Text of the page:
James Joyner’s explanation of why libertarians don’t care about corporate power, which DougJ links below, falls short. Joyner says “Libertarianism, by any definition, is concerned about intrusion on individual liberty by the government”. Using that definition, he argues that wondering whether modern libertarians don’t write about corporate abuses of power is like wondering “why NARAL doesn’t spend more time advocating for the plight of stray cats.”
I think that’s a partially true but ultimately unhelpful way of understanding libertarianism. It’s not a single-interest advocacy group, it’s a political philosophy that claims to have broad application to the organization of society. Though I love Wikipedia, the libertarianism page Joyner cites is a bit of a mess. This definition is cleaner, because it’s a positive definition, and to understand a political philosophy, you need to know what it’s adherents stand for, and derive what they’re against from that. By the definition in the second link, Libertarianism’s fundamental positive interest is property rights. And one of the ways that property has value (and, therefore, why it’s worth having the right to property) is that it can be traded in a market.
So, free markets are key component of most libertarian thinking. And any well-articulated conception of a free market recognizes that the market needs regulation to ensure transparency and fairness for all actors in the market. If regulatory agencies or the legislative bodies making those regulations are unduly influenced by some market participants, the market is no longer free, and the market participants’ property rights are infringed. In our current markets, the main enemy of market freedom is corporate capture of legislators or regulators.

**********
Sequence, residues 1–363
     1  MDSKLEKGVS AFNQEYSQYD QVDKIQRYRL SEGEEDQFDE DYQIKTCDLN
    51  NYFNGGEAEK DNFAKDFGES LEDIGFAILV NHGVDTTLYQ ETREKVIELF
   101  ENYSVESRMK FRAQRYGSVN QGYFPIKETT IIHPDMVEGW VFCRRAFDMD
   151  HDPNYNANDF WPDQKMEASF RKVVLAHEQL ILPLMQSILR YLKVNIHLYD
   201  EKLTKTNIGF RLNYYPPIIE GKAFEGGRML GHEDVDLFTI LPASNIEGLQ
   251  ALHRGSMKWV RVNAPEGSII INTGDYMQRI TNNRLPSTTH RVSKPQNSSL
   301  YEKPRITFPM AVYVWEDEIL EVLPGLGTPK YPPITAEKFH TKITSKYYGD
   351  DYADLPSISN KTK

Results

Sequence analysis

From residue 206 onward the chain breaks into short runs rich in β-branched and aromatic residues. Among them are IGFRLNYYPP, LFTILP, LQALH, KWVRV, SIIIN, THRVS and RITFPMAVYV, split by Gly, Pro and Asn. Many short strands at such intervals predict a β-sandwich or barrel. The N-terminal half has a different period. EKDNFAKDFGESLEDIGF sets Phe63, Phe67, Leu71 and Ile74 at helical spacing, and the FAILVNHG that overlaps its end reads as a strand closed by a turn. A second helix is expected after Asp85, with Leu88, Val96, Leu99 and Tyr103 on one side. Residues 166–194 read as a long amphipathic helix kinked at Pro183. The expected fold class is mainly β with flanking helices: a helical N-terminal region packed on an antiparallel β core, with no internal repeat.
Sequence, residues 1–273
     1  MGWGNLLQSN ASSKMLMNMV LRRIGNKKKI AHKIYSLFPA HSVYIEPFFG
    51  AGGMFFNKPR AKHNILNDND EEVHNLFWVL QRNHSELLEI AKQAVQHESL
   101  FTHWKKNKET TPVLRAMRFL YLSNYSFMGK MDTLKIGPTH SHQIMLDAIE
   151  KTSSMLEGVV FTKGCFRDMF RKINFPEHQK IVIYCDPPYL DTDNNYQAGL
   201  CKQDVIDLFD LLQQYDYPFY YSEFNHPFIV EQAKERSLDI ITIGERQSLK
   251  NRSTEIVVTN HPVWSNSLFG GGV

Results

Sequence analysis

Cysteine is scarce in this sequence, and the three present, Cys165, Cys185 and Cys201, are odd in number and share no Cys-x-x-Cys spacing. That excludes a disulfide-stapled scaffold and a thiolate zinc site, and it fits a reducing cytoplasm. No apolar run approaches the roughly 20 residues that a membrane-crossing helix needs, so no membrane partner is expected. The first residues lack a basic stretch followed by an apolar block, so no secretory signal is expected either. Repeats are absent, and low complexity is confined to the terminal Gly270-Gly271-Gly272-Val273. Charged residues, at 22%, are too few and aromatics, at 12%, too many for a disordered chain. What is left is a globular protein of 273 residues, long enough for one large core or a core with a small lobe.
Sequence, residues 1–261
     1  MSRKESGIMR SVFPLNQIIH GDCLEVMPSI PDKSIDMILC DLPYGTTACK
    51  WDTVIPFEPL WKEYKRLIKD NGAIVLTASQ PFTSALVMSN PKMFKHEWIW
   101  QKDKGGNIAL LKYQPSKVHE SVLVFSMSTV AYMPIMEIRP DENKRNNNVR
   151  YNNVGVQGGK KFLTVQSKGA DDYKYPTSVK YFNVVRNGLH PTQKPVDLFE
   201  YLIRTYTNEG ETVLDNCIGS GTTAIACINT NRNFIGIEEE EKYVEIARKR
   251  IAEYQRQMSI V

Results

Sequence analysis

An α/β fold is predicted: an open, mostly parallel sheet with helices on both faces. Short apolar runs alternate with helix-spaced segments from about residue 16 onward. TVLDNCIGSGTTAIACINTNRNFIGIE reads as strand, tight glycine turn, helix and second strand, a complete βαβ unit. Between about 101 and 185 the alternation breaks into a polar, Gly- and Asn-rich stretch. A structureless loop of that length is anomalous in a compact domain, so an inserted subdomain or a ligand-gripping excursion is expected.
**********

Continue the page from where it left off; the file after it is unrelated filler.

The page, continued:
This is absolutely basic stuff to someone like Ron Paul, who can rattle off an indictment of corporatism that contrasts it with free market capitalism. Whatever your concerns about Paul’s goldbuggery and other side interests, on this topic he’s internally consistent and quite articulate. The question that DougJ, ED and I were discussing the other day is why the leading libertarian thinkers, other than Paul and his followers, seem to give corporatism almost no attention. Joyner mentions in passing that libertarians are concerned about colluding and price-fixing, but excuses their lack of consistent attention by pointing to their focus on government intervention.
I don’t think that’s an excuse, because the focus on government intervention flows from a concern over property rights (and, therefore, free markets), and the fact that Reason seems to simply ignore corporatism indicates that whatever philosophy they’re pedding is a far cry from what the former Libertarian Party candidate for President believes.
And, to forestall the inevitable bitching in the comments, I swear on the grave of Joe Strummer this is the last post on libertarianism that I’ll write for a long, long time.